Water project transforms school and surrounding community

Construction of the reservoir tank

Neil Roper, our Events Coordinator, shares the story of a project which has provided reliable and accessible “clean” and “safe” water for Junamina Primary school as well as villagers in Minsale and Siafugama, Zimbabwe.

The nearest water source to the school was 1.4 kilometres away and some villagers used to walk more than 2km in the dry season to fetch water. In the past, the government and other development agencies attempted drilling boreholes and sinking deep wells for the marginalised rural communities. These efforts were unsuccessful because of a low water table in the area resulting in dry holes at the school and in the villages.

For schoolchildren and the surrounding villagers, climbing up and down a rocky and steep canyon to access the spring water as well as walking long distances is now a thing of the past after CARITAS Hwange and CAFOD with support from UNICEF and the community implemented the Kadomwa project. The project is now piping water to well over 1,000 people.

When the local organisers together with a team of CARITAS Hwange staff visited the school and the villagers, the villagers expressed their gratitude, describing the impressive project as a relief to school children and the villagers.

School children going to collect water

One Teacher, Mr Mukini said that: “We are so elated that finally we are having water from taps and at our School. We are no longer walking long distances with buckets on our heads. I never thought this would happen in my lifetime, but it has finally happened.”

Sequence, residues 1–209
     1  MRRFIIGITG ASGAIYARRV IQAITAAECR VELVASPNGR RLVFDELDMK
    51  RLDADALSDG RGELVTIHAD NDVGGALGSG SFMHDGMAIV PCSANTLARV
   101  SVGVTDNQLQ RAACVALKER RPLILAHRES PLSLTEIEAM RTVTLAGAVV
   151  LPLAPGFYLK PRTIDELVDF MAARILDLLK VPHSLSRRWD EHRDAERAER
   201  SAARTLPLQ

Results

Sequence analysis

A villager, Gogo Mumpandew, also said that: “Water issues usually affect us the women most because it is us who do daily chores that require water such as cooking, washing, and gardening, among others, so this is a shot in the arm for women in this village. We are so happy with this project and CARITAS for remembering us.”

To make the project sustainable, training has been given to the local community on the operation of the whole system. Water testing services will be provided by the government, which will ensure that children and the community in general will have access to safe drinking water. The communities have agreed to make monetary contributions each month to ensure the sustainability of the project.

In a meeting with the local leaders, the Siansundu ward councillor said the Kadomwa Piped Water Scheme had changed the face of the school and urged the school authorities together with the SDC to utilise the water to turn around their economic fortunes: “Apart from water sanitation and hygiene, the water can be used for nutrition gardening, orchard, fish farming, and beautifying the school with flowers and lawn.”

The water project has allowed children and staff to return to school as they no longer have to collect water. The Head Teacher is also considering expanding the enrolment.

The project has improved handwashing at the school, and it is now possible to clean the latrines properly. This has contributed to a fall in water borne diseases.

In the summer where temperatures rise to 38C+ in the district, schoolchildren could also suffer from dehydration during the athletics and ball game activities due to limited access to drinking water. The provision of reliable water at the school will positively reduce cases of dehydration.

Many of us got involved in the ‘Walk for Water’ last year. This project is a great example of the support we were walking and raising money to provide. Thank you for all your efforts.

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